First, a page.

You can set the tension of the string, with a higher tension giving better control, but also upping the odds of breakage.
A lower tension will give more bounce and loss of control, but is less prone to breakage.
Texture affects play as well. String with a lot of texture gives the ball something to grab on to and can give more spin.
Smooth texture found on cheap nylon strings will not grab the ball in the same way. Don’t try to find the best cheap squash racquet.
Many players also install vibration dampeners on the strings. Strings, much like racquets, also have their own ratings for durability, power, feel, control, spin and so-forth, so you will need to research the string before deciding, just like you do the racquet.
This is just a brief overview of strings because honestly, an entire book could be written covering the nuances of strings. Since they have an effect on play, they should be investigated and well thought-out.
Squash racquets have a standard size grip but the way the grip feels can vary. Some grips are softer, others harder, some textured or sticky, others not as much. There are grips that are more rounded, and others that are squarer.
You can use over grip or replace the grips if you do not like the feel or they become worn.
Replacing and customizing the grip is very easy and very common so try not to let the grip become a deciding factor when choosing a racquet.
Level of Experience/Style of Play
Your level of experience and style of play will be a factor in deciding which the best squash racquet is for you.
Players who use a lot of power in their game may want a head-heavy racquet. Women may opt for a lighter racquet because they have smaller wrists, and so forth.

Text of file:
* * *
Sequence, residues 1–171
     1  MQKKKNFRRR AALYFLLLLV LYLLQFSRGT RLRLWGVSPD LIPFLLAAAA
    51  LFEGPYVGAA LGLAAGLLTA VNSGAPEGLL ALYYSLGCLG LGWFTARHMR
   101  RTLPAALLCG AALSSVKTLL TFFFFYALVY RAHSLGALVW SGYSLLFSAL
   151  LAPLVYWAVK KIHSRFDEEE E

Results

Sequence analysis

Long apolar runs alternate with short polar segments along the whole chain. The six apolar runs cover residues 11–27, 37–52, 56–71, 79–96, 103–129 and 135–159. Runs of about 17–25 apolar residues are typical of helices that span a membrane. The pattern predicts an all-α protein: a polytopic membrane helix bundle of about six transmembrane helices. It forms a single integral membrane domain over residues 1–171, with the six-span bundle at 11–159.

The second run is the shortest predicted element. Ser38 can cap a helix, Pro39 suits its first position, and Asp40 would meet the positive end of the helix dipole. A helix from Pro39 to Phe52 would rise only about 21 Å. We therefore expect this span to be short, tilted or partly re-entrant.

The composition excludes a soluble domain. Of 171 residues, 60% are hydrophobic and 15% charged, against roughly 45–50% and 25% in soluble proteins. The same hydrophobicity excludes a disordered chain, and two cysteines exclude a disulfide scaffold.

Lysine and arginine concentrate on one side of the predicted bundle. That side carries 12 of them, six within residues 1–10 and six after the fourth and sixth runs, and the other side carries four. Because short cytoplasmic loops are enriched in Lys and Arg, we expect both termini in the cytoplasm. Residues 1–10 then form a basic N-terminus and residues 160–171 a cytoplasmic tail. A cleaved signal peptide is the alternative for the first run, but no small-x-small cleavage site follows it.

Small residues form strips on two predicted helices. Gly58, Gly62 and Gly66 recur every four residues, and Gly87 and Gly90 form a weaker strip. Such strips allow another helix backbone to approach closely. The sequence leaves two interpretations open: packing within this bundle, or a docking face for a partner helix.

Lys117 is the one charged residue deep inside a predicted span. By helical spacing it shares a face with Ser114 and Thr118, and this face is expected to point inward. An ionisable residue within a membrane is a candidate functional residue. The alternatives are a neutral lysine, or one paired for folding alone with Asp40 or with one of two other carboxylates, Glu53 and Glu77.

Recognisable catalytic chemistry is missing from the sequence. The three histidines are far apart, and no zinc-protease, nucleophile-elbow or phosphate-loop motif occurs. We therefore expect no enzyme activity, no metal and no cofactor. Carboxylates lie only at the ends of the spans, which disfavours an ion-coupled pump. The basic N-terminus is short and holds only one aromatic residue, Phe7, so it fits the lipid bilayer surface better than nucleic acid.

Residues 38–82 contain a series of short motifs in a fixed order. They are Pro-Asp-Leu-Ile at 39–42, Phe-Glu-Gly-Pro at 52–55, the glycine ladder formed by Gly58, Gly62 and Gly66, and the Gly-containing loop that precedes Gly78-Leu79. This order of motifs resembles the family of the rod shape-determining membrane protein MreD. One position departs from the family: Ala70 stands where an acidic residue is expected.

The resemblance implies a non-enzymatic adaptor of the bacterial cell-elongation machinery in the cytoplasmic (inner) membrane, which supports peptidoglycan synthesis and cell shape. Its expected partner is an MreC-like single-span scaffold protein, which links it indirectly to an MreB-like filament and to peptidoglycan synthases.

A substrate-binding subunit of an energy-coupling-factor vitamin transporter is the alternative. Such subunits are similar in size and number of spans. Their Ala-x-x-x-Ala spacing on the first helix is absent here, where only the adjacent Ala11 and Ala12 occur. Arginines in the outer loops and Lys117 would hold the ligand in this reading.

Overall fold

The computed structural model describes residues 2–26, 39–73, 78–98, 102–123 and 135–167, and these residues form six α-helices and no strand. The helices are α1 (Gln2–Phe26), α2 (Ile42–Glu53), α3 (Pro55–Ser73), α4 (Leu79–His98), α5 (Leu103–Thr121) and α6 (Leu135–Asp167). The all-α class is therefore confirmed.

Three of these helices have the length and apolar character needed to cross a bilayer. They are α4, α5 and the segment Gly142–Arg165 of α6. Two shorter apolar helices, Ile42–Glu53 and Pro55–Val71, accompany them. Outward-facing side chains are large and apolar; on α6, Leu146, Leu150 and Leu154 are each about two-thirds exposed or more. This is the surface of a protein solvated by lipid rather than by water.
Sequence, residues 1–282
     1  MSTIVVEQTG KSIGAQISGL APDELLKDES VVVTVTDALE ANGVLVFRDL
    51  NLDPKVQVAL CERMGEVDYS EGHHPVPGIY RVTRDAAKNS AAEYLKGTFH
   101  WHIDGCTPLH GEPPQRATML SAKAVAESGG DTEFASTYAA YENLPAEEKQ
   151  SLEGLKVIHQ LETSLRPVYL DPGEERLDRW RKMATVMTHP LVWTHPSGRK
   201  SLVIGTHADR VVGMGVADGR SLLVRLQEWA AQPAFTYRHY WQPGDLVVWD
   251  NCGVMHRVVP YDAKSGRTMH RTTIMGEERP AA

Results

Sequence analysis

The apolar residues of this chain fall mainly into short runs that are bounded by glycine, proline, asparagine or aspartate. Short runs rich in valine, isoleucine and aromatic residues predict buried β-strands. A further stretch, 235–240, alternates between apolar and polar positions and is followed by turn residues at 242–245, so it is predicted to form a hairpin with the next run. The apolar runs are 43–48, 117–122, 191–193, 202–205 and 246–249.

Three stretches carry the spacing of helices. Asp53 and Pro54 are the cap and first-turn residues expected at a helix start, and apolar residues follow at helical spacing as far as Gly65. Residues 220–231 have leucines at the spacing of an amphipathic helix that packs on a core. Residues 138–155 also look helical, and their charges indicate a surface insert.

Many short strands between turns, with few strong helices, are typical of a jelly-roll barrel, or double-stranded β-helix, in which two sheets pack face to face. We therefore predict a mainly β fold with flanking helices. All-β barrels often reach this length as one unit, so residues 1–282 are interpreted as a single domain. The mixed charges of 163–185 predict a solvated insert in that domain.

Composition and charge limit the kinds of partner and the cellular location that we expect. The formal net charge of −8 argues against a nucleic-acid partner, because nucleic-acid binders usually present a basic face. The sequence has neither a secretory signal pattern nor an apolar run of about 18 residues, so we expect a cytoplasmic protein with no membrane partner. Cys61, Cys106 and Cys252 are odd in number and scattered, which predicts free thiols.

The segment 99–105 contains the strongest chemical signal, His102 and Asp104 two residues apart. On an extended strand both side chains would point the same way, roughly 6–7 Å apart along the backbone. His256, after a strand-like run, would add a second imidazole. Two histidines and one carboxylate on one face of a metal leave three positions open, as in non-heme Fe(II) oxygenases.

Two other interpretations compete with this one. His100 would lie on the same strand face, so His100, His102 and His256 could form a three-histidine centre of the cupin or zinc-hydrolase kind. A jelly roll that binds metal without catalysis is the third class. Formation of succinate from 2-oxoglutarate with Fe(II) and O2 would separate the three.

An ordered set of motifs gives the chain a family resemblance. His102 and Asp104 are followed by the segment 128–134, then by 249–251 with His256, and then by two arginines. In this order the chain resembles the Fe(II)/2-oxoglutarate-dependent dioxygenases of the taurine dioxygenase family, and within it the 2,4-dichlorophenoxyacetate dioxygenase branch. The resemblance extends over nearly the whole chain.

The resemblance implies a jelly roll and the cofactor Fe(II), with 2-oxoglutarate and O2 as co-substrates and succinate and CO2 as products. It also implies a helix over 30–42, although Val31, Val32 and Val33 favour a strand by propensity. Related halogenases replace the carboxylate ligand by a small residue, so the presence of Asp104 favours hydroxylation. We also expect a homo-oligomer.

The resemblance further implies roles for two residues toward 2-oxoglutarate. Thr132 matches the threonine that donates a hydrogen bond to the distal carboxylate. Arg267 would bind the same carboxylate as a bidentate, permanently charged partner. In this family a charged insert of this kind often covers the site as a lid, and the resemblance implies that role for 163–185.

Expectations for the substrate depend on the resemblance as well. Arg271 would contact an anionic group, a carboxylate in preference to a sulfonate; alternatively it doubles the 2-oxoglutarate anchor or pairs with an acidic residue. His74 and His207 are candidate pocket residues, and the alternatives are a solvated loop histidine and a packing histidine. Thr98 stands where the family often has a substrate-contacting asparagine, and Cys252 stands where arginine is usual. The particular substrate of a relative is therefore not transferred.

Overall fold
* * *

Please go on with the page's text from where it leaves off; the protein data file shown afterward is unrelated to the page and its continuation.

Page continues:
General suggestions for the beginner
Use a less expensive racquet to start, the odds of breaking the racquet seem to go up the more expensive it is, and beginners make more errors and contact with floors and walls than advanced players, increasing that chance even more.
Go with an even balance racquet from 135 to 145 grams. Get a racquet with a large surface area as this will help with making contact with the ball while learning.
A quick overview of the best squash racquet brands are: Dunlop, Prince, Technifiber, Head, Wilson, Harrow, Black Knight, Salming, Eye Racquets, Mantis, Karack, Oliver, Xamsa to name a few.
Although, we can’t say for sure that there is a one best squash racquet brand. Whatever works best for the player, is the right choice to buy.
TOP 10 Best Squash Racquet Reviews
5 Best Squash Racquets Reviews for Beginners
5 Best Squash Racquets for Intermediate Players
We hope our squash racquets reviews has helped you decide or at least narrow down the options of the best squash racquets for you.
Don’t forget, the string and grip can really change performance so take a look at those before you decide. Also when you’ve found the best squash racquet brand just for you, remember that whichever racquet you chose, you are not stuck with the string or grips it is sold with, those can always be changed.